message 11: by Toby (new)

Toby (tfitoby) | 510 comments Ahhh there you go, Leigh Redhead has a strong female PI right? And Christa Faust too. Claire Dewiit is Sara Gran's PI I think.

Margaret Millar was a better noir writer than her husband Ross MacDonald in my opinion, she'd sit snugly alongside Abbott, Highsmith and Hughes in that writer category.

There was that time I suggested an all Mc/MacDonald month. John, Jim, Ross and I feel like there's another one.


message 12: by Melki, Femme Fatale (new)

Melki | 834 comments Mod
Mormon detectives who are lousy drivers?


message 13: by Col (new)

Col (col2910) | 484 comments Melki wrote: "Mormon detectives who are lousy drivers?"

yeah but only if they are left handed and have an aunty in the Bulgarian navy


message 14: by Toby (new)

Toby (tfitoby) | 510 comments I just realised theres no jim MacDonald is there? Gregory MacDonald on the other hand


message 15: by Toby (new)

Toby (tfitoby) | 510 comments Are you suggesting we're getting too specific?


message 16: by Col (new)

Col (col2910) | 484 comments Tfitoby wrote: "Are you suggesting we're getting too specific?"

Me? I'm having a bit of banter,

I'll take on board the general consensus,


message 17: by Melki, Femme Fatale (new)

Melki | 834 comments Mod
As long as you and M. can come up with books to meet the criteria, why not go for it?


message 18: by Toby (new)

Toby (tfitoby) | 510 comments Oh it was very funny Col. Banter is always welcome. Just wanted to clarify if it was a vote against the suggestion.


message 19: by Toby (new)

Toby (tfitoby) | 510 comments Ha! Brilliant Melki. Why is it always me? :p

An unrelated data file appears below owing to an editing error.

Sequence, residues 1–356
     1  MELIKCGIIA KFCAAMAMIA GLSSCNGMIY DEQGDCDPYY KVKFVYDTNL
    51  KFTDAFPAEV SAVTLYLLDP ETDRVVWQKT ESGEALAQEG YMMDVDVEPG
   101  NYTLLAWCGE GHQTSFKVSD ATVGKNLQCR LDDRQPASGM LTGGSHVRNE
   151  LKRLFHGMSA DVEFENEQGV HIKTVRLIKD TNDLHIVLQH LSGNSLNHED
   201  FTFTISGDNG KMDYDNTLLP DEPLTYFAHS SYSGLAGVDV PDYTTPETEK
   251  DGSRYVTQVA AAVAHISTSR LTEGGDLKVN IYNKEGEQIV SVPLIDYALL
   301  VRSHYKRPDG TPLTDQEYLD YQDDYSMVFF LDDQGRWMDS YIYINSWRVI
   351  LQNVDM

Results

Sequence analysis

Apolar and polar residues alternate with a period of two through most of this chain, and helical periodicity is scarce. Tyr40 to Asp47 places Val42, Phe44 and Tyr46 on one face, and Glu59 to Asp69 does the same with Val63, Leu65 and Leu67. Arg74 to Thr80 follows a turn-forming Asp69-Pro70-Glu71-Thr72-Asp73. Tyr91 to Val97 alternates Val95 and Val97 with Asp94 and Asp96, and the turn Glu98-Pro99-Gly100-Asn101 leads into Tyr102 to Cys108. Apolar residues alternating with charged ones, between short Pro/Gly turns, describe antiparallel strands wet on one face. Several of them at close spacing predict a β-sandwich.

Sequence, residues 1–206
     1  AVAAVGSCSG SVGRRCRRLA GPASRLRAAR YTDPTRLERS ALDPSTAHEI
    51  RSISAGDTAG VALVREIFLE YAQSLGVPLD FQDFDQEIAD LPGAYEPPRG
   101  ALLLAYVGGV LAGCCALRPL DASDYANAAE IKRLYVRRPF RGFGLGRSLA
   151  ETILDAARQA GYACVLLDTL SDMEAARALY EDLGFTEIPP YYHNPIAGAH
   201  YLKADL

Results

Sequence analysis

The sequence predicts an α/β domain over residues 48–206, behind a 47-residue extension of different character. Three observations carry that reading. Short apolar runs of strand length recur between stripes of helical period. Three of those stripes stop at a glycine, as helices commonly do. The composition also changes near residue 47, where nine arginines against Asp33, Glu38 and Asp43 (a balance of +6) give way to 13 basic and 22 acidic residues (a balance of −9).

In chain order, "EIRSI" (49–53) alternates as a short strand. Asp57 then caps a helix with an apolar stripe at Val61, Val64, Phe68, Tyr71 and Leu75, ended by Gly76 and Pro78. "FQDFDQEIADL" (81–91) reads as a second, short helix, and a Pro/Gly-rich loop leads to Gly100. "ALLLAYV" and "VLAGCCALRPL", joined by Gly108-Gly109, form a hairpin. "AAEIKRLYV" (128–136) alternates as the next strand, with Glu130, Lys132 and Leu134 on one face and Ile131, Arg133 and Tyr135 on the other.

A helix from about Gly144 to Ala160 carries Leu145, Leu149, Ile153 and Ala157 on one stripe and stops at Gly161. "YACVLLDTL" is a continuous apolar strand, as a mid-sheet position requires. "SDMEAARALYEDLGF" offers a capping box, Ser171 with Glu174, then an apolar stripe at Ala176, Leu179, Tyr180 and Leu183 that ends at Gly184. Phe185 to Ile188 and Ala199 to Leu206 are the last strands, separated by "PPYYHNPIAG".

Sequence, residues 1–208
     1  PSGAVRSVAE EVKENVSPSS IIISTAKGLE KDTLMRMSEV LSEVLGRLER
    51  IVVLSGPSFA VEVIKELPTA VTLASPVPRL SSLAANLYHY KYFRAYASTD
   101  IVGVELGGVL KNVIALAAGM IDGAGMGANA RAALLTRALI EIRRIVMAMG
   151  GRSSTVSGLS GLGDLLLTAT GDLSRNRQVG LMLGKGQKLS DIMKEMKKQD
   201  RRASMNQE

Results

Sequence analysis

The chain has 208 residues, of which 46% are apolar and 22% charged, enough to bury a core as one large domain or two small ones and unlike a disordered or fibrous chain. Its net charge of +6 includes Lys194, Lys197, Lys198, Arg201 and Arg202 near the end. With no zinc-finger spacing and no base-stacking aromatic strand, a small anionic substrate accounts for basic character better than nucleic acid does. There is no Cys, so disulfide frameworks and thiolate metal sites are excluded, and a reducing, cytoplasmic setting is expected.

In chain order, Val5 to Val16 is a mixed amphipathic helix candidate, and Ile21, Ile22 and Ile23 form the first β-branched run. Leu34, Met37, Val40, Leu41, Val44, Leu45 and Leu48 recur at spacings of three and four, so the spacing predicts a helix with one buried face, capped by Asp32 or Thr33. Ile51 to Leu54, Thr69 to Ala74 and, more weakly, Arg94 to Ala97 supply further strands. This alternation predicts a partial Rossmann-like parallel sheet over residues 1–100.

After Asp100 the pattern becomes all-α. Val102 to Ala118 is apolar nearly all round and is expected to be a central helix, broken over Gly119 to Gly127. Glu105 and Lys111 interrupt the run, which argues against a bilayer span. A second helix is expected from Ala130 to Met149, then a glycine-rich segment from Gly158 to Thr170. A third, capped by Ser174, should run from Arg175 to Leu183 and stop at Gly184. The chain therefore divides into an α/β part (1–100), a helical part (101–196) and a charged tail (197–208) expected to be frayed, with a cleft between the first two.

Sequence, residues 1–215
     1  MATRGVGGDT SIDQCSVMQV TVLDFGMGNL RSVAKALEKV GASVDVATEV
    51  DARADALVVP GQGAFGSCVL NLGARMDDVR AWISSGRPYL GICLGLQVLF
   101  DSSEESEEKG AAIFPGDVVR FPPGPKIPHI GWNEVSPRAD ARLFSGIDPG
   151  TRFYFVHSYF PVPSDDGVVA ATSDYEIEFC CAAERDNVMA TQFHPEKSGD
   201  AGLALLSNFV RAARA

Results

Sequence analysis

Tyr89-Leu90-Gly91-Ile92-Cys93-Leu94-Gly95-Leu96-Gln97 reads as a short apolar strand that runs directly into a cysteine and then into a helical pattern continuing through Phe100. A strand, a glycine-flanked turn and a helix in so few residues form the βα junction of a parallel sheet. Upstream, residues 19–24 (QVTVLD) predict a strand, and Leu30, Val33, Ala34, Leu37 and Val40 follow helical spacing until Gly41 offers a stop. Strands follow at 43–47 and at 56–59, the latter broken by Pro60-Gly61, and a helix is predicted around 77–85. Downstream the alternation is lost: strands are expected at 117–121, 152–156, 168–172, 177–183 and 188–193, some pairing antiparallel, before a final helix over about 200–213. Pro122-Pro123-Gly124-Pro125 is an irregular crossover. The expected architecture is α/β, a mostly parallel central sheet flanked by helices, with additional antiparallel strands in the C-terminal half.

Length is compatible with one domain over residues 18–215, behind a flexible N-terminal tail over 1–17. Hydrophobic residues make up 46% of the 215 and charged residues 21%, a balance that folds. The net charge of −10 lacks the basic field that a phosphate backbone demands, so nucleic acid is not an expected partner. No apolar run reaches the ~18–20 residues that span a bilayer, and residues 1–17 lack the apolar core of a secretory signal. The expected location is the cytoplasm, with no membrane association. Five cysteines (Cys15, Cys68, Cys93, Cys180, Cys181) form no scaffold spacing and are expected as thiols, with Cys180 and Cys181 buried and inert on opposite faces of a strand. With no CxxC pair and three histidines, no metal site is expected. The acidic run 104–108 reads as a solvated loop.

message 20: by Col (new)

Col (col2910) | 484 comments Tfitoby wrote: "Oh it was very funny Col. Banter is always welcome. Just wanted to clarify if it was a vote against the suggestion."

That's ok then - I don't always appreciate that other people may not share my humour, I have been known to offend on the odd occasion

don't think I've read any Mormon or perhaps even Amish crime fiction - might be a bit dull though investigating who painted the buggy bright orange


message 21: by Toby (new)

Toby (tfitoby) | 510 comments Study in scarlet is mormon fiction isnt it?


message 22: by Col (new)

Col (col2910) | 484 comments ok - being serious for a minute,
depression era - Caldwell, Faulkner, Steinbeck, McCoy
location - Irish - Bruen, McKinty, Neville, plus 1


message 23: by Toby (new)

Toby (tfitoby) | 510 comments Well done on the serious front. I know Horses bu McCoy has been called noir at some point but would you classify any works from the others as noir? I always forget the Faulkner novel id be most interested in reading, that would probably be the noirest of the lot knowing me.